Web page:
Imported cars

Selling your imported car: Full guide

Last updated February 2nd, 2024

There are many pros and cons for motorists to consider when deciding whether to buy an imported car:

  • Imported cars often come with desirable features (that are not available on the UK market) at a reasonable price point. Japanese imports are not subject to tax at all, meaning there are many attractively priced models available to UK enthusiasts.
  • Imports from warmer climates are less susceptible to rust. This means that enthusiasts can often track down rare, sought-after models in great condition on the import market.
  • Unfortunately, insurance costs are often higher for imports, particularly if your chosen model is not sold in the UK.

Many car buyers are deterred from going down the import route, as they believe their imported motor will be more difficult to sell than a domestic market model, but is this really the case?

In this guide, we’ll get to the bottom of this question. We’ll also cover the best ways to sell your car when you have an import and examine whether depreciation affects imports in the same way as UK models.

Value your car in under 30 seconds

Do webuyanycar buy car imports?

Yes, webuyanycar can buy any imported car, providing it is registered in the UK.

Whether you intentionally bought an import or discovered you have by using a free car import check tool, you can sell your car quickly and conveniently with us. Here’s how it works:

  • Enter your reg number into our free car valuation tool.
  • Book your appointment at any of our 500+ UK branches.
  • Drive to your appointment. If you’re happy with the price we offer, our buyer will sort the paperwork and we’ll send the money to your bank. It couldn’t be simpler.

How to sell your imported car

Decided you’d rather sell your car privately? Here are a few things to consider:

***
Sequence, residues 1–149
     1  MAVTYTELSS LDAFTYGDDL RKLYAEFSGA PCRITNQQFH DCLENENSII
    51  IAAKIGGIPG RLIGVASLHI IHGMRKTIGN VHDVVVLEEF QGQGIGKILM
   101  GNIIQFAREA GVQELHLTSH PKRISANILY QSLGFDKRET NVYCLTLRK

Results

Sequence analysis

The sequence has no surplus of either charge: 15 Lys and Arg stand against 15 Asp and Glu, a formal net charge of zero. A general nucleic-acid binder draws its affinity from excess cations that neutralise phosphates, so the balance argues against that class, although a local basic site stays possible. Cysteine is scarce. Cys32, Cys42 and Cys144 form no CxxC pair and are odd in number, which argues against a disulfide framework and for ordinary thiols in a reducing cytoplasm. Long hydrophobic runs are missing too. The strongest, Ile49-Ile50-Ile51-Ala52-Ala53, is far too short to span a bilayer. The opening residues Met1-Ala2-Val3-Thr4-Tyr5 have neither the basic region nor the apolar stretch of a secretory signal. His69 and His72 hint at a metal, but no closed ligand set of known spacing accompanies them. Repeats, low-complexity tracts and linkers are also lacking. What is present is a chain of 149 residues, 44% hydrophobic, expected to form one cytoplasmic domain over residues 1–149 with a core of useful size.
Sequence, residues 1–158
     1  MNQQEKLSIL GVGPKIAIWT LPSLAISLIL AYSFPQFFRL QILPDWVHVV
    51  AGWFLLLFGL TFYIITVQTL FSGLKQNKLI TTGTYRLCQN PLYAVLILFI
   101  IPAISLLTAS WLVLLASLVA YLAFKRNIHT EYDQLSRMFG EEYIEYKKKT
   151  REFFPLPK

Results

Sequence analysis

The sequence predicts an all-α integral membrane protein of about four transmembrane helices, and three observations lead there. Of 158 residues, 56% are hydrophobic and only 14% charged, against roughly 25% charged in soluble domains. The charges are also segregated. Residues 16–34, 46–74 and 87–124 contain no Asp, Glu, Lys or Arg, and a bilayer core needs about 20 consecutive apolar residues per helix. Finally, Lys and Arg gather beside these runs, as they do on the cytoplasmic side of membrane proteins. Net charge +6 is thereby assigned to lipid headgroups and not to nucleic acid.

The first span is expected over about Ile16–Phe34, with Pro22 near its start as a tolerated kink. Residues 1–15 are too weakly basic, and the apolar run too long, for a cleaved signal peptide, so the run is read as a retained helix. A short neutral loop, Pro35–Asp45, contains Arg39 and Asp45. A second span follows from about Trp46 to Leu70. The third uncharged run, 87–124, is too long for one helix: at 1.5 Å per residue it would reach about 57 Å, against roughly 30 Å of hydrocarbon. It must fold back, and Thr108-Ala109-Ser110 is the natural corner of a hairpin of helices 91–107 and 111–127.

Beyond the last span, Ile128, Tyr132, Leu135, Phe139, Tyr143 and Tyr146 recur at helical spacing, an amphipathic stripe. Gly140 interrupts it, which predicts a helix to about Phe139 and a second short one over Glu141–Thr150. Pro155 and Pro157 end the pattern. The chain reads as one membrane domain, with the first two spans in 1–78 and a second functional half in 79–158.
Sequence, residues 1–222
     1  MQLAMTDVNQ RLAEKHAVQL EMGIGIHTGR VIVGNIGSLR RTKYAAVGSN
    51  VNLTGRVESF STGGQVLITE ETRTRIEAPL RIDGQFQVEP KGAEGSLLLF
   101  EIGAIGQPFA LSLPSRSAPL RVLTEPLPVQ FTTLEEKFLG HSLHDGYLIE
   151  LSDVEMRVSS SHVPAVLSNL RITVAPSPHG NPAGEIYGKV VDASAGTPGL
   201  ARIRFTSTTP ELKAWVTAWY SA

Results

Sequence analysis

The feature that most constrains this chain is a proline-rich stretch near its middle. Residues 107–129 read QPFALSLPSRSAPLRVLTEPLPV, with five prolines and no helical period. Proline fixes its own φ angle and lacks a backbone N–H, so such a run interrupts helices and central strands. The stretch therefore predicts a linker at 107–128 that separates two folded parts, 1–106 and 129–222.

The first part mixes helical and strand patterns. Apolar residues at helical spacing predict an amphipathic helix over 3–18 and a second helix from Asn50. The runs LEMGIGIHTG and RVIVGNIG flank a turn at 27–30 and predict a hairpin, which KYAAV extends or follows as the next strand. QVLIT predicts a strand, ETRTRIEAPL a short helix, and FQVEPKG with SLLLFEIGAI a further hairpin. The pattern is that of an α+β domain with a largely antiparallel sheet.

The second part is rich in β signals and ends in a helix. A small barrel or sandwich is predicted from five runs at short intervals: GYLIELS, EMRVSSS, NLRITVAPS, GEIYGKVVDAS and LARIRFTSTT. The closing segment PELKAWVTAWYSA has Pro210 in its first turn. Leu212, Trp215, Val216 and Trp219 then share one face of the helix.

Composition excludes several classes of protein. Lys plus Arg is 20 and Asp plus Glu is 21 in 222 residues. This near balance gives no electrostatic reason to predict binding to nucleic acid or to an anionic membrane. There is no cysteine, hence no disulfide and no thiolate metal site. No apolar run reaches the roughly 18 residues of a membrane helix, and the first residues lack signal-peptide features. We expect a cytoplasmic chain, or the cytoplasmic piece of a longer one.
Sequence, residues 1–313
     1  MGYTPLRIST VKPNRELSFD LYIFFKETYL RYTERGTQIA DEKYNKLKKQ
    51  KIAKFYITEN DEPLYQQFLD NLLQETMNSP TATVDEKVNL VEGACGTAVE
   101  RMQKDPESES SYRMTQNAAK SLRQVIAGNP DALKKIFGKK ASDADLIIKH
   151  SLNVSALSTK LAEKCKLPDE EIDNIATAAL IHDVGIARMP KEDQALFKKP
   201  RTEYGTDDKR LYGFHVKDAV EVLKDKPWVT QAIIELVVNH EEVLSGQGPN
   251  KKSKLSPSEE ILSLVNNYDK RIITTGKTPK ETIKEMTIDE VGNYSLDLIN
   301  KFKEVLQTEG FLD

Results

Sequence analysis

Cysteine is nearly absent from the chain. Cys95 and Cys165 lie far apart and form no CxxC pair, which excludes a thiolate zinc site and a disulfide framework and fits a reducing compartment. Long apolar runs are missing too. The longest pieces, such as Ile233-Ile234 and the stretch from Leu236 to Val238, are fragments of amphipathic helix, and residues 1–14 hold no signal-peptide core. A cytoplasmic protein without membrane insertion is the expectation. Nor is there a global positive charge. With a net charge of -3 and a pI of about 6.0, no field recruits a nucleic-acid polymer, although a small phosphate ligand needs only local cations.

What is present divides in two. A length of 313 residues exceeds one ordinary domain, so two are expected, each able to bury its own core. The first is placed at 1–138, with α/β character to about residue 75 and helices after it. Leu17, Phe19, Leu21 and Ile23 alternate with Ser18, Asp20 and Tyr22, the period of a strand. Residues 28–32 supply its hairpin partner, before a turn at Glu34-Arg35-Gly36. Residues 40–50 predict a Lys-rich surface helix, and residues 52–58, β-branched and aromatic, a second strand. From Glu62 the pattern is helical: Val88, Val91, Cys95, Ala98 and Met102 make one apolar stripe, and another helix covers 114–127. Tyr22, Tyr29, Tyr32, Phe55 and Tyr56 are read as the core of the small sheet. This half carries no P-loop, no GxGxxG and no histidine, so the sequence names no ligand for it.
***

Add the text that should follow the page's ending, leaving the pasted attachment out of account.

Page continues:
• Choose where to sell your car. The market for imported cars is considerably smaller than for those sold in the UK. This is partly due to the additional paperwork and specialised repairs associated with import ownership. Therefore, we’d recommend listing your import on car enthusiast websites with a specific focus on imports.

  • List your vehicle. Make sure you include all the pertinent details about your vehicle, including the circumstances in which it was imported. There are three types of imported vehicles in the UK: ‘parallel’, ‘grey’ and ‘personal’ imports. Make sure you know which category your car falls under and list it accordingly.

  • Prepare to answer questions. Potential buyers will likely have plenty of questions to ask, such as how and why your vehicle was imported. The more accurately and confidently you can answer these questions about your car, the more likely you’ll be able to sell it.

  • Prepare to haggle. Some buyers will be determined to bring down the asking price of your car. They may cite some of the disadvantages of owning an import (e.g. difficulty finding replacement parts and higher insurance costs). Make sure you’re prepared to negotiate. You should also decide on the lowest price you’re willing to sell your car for and stick to it.

Do imported cars lose value?

A car’s resale value is determined by numerous factors, including its age, mileage, condition – and even colour.

Import status can also affect second-hand value. For instance, some imported vehicles won’t have the same safety features as their domestically sold counterparts. This can reduce their resale value, as these missing features may incur extra costs and paperwork for the buyer in the long run.

Maintenance for imported cars can also be more difficult since it may be harder to locate replacement parts. What’s more, some mechanics won’t work on imported cars as they are built differently to those on the UK market, which increases the risk of complications during repairs.

With all this in mind, you should expect your imported car to be worth at least a little less than its nearest UK equivalent when the time comes time to sell it.